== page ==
The press release for the group compares them to Jimmy Eat World, Angels & Airwaves, and Blink 182. That really pigeonholes their sound pretty well. The band is consistently frolicking somewhere between pop punk and emo. The Blink 182 comparison is the most obvious. The Boys of Summer have two vocalists, much like Blink; One of the group’s two vocalists sounds exactly like Tom DeLonge which just fuels the fire. The song’s lyrical content mostly seem to revolve around relationships. Songs like “Is She Fiction” is pretty self-explanatory and more interestingly titled songs like “Maps And Magnets” end up containing lyrical gems like “our lips connect like magnets/your’s positive, mine’s negative”.
Perhaps the most alarming song is “Love Like an Arms Race”. When making poppy emo, you want to stay away from anything that will get you compared to Fall Out Boy; yet the band seems to welcome with open arms the comparison by writing a song with “Arms Race” in the title. It’s not like writing songs about arms races is a common thing in music. The only song I could think of that has that phrase in the title is “This Ain’t a Scene, It’s an Arms Race” and now The Boys of Summer’s track. Despite aping Fall Out Boys’ metaphor, the track’s piano-laden punk ballad feel works well. It reminds me of Something Corporate.
It seems like the odds are piled against any type of critical acclaim heading The Boys of Summer’s way yet there is a certain “je ne sais pas quoi” about their music. I think its a combination of things that gets the album a passing grade from me. The band’s name is the Boys of Summer and they are releasing their album at the beginning of the summer. The hot summer days and the album’s poppy attitude just perfectly mesh. If this album was released six months from now, I would probably give it something under a 5.0/10 but it just feels so right for right now. - Surviving The Golden Age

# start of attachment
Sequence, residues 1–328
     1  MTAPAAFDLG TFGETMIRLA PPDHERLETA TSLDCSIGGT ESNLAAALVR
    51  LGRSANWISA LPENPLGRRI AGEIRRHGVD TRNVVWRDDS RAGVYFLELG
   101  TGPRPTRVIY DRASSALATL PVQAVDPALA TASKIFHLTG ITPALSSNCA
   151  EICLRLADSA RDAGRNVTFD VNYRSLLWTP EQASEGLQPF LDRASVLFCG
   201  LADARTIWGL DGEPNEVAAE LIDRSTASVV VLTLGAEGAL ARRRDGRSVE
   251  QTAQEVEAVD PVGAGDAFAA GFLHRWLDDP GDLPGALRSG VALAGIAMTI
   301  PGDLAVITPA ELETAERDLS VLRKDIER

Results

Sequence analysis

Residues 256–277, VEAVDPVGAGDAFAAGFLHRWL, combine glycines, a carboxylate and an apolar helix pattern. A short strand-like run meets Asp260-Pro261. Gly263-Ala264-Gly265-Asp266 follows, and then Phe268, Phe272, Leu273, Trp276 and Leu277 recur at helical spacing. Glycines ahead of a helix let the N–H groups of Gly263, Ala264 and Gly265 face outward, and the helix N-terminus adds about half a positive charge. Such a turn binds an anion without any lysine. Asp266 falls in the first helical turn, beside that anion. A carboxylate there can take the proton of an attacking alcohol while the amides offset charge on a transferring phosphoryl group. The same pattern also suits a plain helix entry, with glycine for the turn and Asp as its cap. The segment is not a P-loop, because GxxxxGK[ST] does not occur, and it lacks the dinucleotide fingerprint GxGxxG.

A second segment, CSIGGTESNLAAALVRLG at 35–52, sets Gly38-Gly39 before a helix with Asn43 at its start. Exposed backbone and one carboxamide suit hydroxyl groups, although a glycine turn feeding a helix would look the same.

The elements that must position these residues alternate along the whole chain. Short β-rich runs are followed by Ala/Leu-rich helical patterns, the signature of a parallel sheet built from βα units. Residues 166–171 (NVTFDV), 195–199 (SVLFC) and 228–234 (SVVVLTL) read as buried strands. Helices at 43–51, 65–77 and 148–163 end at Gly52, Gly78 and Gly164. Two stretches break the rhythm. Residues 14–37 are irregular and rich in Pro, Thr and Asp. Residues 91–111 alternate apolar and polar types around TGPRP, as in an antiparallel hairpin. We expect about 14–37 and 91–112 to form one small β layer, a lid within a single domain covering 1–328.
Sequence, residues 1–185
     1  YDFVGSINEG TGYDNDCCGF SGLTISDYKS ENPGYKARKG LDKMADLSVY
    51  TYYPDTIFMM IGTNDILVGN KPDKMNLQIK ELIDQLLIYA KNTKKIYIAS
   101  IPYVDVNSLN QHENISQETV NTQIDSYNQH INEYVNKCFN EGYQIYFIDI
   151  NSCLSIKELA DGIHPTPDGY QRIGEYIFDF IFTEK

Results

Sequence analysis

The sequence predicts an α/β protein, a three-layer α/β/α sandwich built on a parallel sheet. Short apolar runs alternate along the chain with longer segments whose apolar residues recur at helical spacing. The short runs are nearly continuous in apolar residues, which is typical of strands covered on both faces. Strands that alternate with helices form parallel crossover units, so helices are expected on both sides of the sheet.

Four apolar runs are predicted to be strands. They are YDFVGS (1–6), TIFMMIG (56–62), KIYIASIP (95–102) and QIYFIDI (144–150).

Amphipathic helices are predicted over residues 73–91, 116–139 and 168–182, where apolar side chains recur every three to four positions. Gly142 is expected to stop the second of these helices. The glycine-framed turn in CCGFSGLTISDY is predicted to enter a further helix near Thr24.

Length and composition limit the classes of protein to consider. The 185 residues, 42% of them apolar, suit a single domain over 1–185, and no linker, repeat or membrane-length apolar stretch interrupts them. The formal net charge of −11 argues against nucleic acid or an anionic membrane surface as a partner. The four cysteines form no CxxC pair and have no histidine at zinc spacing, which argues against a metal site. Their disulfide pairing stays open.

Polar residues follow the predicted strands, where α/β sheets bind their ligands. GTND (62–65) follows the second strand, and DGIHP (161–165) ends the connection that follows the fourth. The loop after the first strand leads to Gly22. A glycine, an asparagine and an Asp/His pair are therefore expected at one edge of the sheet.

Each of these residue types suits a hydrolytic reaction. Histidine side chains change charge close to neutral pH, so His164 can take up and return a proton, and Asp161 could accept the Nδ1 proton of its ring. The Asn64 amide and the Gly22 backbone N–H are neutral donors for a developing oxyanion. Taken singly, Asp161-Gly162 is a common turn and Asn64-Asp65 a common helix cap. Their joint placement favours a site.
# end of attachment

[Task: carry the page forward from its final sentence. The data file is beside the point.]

"What It's All About Album Review"

"You can play a song with the windows down driving around town with your friends, or when [you’re] having a bad day just sitting in your room.”

The Boys of Summer, a four-piece merry band of best friends from Detroit, make music that makes people feel good. That quote above, taken from the band’s MySpace bio, explains What It’s All About in one single sentence. Now you might be wondering, “If that quote describes the album, then why should I read this album review?” I’m going to expand on the flawed-but-still-great music that Scab (guitar/vocals), Jon-Paul Bakaric (guitar/vocals), Mark Warren (bass), and Kyle Mueller (drums) have created.
Overall, What It’s All About is an album with quality production and some seriously danceable tracks. If you liked Blink-182, Angels and Airwaves, or even Boy Hits Car, you’ll immediately recognize the Tom DeLonge-like vocals when you hit “Things In Twos.” Unfortunately that track, “This Is It” and “Night Light” really seemed like filler to me. “This Is It” feels more Cobra Starship than The Boys of Summer, and “Night Light” is a track that I would expect to see on an EP or Demo, not on a debut full-length. None of the three tracks really have much substance. I wouldn’t recommend them.
Enough of the negativity! “Love like an Arms Race” and “Is She Fiction” redeem the first half of this album. Both tracks feel like great summer music, or perfect music for a long drive. Some of the transient, points in “Is She Fiction” reminded me of Shiny Toy Guns. What It’s All About really picks up steam after “My Best Interest,” which is less effect dependent and more of a departure vocally than the previous tracks.
“Maps and Magnets” is the beginning of a string of great tracks that carry through to the album’s conclusion. It’s a little less dance and a little more pop, but still danceable. The differences in this track from any other on the album really make it stand out. “A Long Road Home” takes us back to the summer driving music that seems to be this band’s bread and butter. “Gun Shy,” “I Don’t Belong,” and the title track “What It’s All About” are really where the album peaks. “85 Insignificant Heartbreaks” takes the album out in style. At first listen, the track doesn’t seem like it quite fits. I kept listening, and I began to hear the Tom DeLonge-like vocals and Angels and Airwaves-like ending that will make fans of A&A, Blink-182, or even Jimmy Eat World fall all over this band.
The Boys of Summer might be the band that reminds you of other bands, but who ever said that was a bad thing? Okay, a lot of people have. I’m a firm believer that if you can do what you do and do it well, then you deserve credit for it. What It’s All About, while it does have its flaws, is a very well produced and well executed collection of music. It’s for that reason that I highly recommend this album to fans of, well, dancing. - The Sound Alarm

"What It's All About Album Review"